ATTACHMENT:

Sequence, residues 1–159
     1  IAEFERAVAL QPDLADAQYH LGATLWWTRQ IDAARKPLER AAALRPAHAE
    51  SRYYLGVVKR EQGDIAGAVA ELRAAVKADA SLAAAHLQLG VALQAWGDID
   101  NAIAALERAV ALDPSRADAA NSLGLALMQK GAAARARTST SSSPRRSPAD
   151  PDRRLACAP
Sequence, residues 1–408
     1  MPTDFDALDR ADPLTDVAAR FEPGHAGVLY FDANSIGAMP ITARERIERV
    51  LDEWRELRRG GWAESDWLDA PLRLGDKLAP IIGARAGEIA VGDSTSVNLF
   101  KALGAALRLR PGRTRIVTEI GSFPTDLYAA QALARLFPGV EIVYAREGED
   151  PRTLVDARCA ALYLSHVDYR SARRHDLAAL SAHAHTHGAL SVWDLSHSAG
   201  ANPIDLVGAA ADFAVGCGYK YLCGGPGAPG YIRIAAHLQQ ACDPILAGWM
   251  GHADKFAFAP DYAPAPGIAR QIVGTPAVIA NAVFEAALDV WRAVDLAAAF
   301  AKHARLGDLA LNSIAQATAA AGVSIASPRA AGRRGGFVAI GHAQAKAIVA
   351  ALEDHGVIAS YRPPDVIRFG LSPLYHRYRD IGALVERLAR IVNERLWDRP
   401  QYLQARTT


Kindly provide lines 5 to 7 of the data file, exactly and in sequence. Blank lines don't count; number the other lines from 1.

   151  PDRRLACAP
Sequence, residues 1–408
     1  MPTDFDALDR ADPLTDVAAR FEPGHAGVLY FDANSIGAMP ITARERIERV